A newly-launched app will help nature-lovers identify dozens of species of wildlife in Hong Kong’s rivers and streams, including some unique to the city and some which are critically endangered .
Developed by a group called Freshwater Collective, it will allow users to identify up to 138 species spread across six groups, including birds, fish, insects and reptiles.
The founder of Freshwater Collective, Jeffery Chan, said he hoped the new app can help spark interest among the public in the rich freshwater wildlife unique to their city. About 40 per cent of Hong Kong’s land area is designated as country parks or other protected areas.
“Hong Kong is quite biodiverse in the freshwater aspect. We have over 200 species of freshwater fish and over 90 species of reptiles and amphibians,” he said. “But the issue is the public doesn’t really know that these things exist and know [their] levels of endangerment.”
The Pocket Guide to Freshwater Species of Hong Kong app is the result of seven months of work and collaboration between 19 wildlife specialists from the University of Hong Kong, Lingnan University and other local environmental conservation groups.
It offers an English and Chinese database of information with associated images, and links to further resources options for users interested in diving deeper into particular species. It is now freely available for download on Android and iOS.
Freshwater Collective is a non-profit collaborative platform seeking to promote ecological conservation and education.
For Chan, the app is both an attempt to raise awareness and to protect the diverse species unique to Hong Kong’s streams. The development team decided to include the most common as well as the most endangered species in the app database.
“Hong Kong is such a small place. Sometimes we have species that are only found in one single steam, or only a few streams, so losing them could be losing the entire population in Hong Kong.”
The region is home to some of the world’s most critically endangered species. The golden coin turtle has fallen to less than 5 per cent of its population 30 years ago due to poaching, Chan told HKFP.
The turtle, also found in parts of China and Vietnam, is highly prized in Chinese medicine as a cure for cancer, although there is no scientific basis for this.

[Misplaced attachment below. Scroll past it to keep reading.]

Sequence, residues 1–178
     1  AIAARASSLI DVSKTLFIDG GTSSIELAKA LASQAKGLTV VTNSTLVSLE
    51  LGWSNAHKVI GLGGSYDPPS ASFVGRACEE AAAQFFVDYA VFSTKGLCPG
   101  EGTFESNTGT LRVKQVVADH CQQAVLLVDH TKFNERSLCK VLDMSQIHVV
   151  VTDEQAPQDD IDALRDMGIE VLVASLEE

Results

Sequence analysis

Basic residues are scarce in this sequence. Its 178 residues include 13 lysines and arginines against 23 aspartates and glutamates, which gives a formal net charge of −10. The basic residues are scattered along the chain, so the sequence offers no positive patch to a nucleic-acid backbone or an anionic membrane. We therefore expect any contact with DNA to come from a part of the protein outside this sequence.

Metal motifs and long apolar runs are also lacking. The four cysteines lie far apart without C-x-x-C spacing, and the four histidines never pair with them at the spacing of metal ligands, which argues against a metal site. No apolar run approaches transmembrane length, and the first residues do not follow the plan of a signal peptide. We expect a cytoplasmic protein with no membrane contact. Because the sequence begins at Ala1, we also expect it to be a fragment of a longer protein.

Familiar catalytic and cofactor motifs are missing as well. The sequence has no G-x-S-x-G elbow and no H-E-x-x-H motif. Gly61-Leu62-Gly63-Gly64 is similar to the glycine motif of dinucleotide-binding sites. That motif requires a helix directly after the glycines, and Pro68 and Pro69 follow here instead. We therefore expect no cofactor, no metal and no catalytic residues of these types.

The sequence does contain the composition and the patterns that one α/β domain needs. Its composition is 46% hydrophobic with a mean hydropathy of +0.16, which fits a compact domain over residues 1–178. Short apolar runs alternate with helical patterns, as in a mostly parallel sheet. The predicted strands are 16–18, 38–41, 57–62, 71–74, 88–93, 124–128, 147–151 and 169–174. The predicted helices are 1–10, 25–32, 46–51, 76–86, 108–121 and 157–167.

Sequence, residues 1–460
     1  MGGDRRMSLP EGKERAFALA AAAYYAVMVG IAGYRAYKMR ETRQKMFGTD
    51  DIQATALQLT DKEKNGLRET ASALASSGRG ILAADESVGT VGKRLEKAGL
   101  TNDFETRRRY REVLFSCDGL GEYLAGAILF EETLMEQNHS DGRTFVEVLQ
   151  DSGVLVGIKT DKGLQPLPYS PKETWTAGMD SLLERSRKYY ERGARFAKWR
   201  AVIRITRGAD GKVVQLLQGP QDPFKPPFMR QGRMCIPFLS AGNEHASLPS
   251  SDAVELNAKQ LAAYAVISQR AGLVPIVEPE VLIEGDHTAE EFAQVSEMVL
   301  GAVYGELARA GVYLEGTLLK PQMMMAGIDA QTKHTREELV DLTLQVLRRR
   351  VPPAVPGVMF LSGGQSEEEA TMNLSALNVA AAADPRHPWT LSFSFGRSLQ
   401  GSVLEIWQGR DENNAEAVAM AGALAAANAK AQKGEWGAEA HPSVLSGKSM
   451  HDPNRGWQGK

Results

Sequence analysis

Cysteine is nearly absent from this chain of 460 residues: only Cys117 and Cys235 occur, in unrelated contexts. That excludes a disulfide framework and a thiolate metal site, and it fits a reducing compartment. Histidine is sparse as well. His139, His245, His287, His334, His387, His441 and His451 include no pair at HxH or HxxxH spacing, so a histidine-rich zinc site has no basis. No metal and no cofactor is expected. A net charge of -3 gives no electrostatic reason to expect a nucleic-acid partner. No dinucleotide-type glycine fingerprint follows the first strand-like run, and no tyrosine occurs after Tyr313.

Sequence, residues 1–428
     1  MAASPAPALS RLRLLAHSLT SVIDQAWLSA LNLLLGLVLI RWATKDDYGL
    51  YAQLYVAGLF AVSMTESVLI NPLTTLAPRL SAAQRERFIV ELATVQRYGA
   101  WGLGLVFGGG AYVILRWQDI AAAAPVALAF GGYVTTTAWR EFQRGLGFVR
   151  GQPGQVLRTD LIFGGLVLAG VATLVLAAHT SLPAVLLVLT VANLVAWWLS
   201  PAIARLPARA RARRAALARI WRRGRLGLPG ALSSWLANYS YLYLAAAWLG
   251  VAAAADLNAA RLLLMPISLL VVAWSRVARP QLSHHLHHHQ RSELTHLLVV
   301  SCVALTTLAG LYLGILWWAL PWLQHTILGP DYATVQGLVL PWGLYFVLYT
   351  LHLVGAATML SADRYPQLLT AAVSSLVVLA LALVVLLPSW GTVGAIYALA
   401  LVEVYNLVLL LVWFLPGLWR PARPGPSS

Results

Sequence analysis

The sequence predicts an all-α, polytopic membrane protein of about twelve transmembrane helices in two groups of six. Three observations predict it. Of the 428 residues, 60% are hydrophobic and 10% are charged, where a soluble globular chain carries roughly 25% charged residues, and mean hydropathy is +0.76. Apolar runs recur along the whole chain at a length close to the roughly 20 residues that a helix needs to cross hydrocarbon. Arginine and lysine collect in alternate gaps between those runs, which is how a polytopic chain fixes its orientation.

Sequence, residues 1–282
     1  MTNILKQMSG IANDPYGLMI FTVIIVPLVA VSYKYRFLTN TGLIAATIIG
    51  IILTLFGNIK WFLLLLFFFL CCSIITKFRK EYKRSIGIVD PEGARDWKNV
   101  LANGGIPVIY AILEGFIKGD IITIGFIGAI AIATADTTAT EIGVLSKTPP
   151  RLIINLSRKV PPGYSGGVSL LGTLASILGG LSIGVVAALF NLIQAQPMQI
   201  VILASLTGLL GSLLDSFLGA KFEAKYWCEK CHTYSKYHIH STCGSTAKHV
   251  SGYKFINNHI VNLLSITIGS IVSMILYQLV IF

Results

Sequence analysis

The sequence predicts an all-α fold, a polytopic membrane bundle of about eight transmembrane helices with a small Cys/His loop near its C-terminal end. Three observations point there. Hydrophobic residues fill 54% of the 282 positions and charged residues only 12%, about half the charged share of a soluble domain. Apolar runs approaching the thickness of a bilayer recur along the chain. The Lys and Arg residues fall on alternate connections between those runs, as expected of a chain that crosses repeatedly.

“Preserving them in HK is a global thing because of how endangered the animal is. Hong Kong is the last place for Asian freshwater turtles because they’re hunted so badly in China and Vietnam.”
Another collaborator on the project, co-founder of WildlifeAvengers James Kwok, told HKFP he hoped the project would make people more aware of the conservation challenges. “Hong Kong’s freshwater habitats are threatened by development and contamination,” he said. “This is very dangerous in terms of conservation.”
He cited a dramatic drop in the population of the three-striped frog due to the development of farmland in the city.
Chan told HKFP he hoped the app would encourage members of the public to protect local species at risk of extinction.
“Hong Kong is a hub for wildlife trade. And a lot of people are accustomed to taking wildlife home when they see them. It’s kind of a grey area, there’s not a lot of information on what to do,” the ecologist said.
“Something like [the app] could let people read more about how threatened they are and what they shouldn’t do… Knowing more about something makes you want to protect it a little more,” Chan added.
Local environmental education NGO Outdoor Wildlife Learning Hong Kong (OWLHK) will incorporate the new app in its freshwater wildlife guided tours. “It’s a good starting point for the public to learn,” OWLHK co-founder Janice Lo told HKFP.
“It’s a free and easy way for the public to learn about the freshwater environment,” she added, saying the app filled a gap for easily accessible wildlife resources in Hong Kong.
The course, open to members of the public, was designed to fill a gap in the curriculum at the city’s schools. “Environmental education is especially lacking in our Hong Kong formal education. Unless you are going to take biology or geography, we seldom get the chance to know our own environment,” Lo said.
“Even if you talk about protecting the environment, teachers will refer to the famous Amazon rainforest, the African savannah. But if you ask the students in Hong Kong, they barely know about our own environment,” she added.
Lo added that, beyond wildlife, OWLHK hoped to use the app as a gateway to broader conservation issues. “We would like to raise awareness of conservation issues or the problems our freshwater systems are encountering…and let participants learn about the whole freshwater system.”
“Freshwater habitats are very vulnerable habitats. Animals found in freshwater streams are not good at migrating between rivers and streams,” she said. “They spend their whole lives in the same stream. If that particular stream is damaged, the whole population of that particular wildlife in that stream will be destroyed.”
“It’s our responsibility to learn more about the Hong Kong environment. If you can learn more about it, then we hope you can work for it in the future.”
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